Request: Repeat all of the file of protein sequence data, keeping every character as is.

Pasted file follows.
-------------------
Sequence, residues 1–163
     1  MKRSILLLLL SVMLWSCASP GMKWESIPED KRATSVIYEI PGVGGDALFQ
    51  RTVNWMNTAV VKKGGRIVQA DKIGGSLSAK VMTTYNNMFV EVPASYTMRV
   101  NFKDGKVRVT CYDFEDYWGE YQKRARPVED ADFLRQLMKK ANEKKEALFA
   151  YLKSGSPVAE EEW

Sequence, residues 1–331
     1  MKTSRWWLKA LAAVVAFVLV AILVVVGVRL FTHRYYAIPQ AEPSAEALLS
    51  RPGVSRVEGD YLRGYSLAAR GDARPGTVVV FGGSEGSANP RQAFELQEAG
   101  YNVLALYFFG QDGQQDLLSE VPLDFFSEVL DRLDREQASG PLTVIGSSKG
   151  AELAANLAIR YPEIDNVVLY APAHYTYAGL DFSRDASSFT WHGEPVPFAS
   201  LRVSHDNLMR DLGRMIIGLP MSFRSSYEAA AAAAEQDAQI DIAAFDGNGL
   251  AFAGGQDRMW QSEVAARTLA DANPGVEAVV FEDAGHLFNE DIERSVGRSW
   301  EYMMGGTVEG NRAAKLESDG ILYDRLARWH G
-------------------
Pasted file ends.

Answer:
Sequence, residues 1–163
     1  MKRSILLLLL SVMLWSCASP GMKWESIPED KRATSVIYEI PGVGGDALFQ
    51  RTVNWMNTAV VKKGGRIVQA DKIGGSLSAK VMTTYNNMFV EVPASYTMRV
   101  NFKDGKVRVT CYDFEDYWGE YQKRARPVED ADFLRQLMKK ANEKKEALFA
   151  YLKSGSPVAE EEW

Sequence, residues 1–331
     1  MKTSRWWLKA LAAVVAFVLV AILVVVGVRL FTHRYYAIPQ AEPSAEALLS
    51  RPGVSRVEGD YLRGYSLAAR GDARPGTVVV FGGSEGSANP RQAFELQEAG
   101  YNVLALYFFG QDGQQDLLSE VPLDFFSEVL DRLDREQASG PLTVIGSSKG
   151  AELAANLAIR YPEIDNVVLY APAHYTYAGL DFSRDASSFT WHGEPVPFAS
   201  LRVSHDNLMR DLGRMIIGLP MSFRSSYEAA AAAAEQDAQI DIAAFDGNGL
   251  AFAGGQDRMW QSEVAARTLA DANPGVEAVV FEDAGHLFNE DIERSVGRSW
   301  EYMMGGTVEG NRAAKLESDG ILYDRLARWH G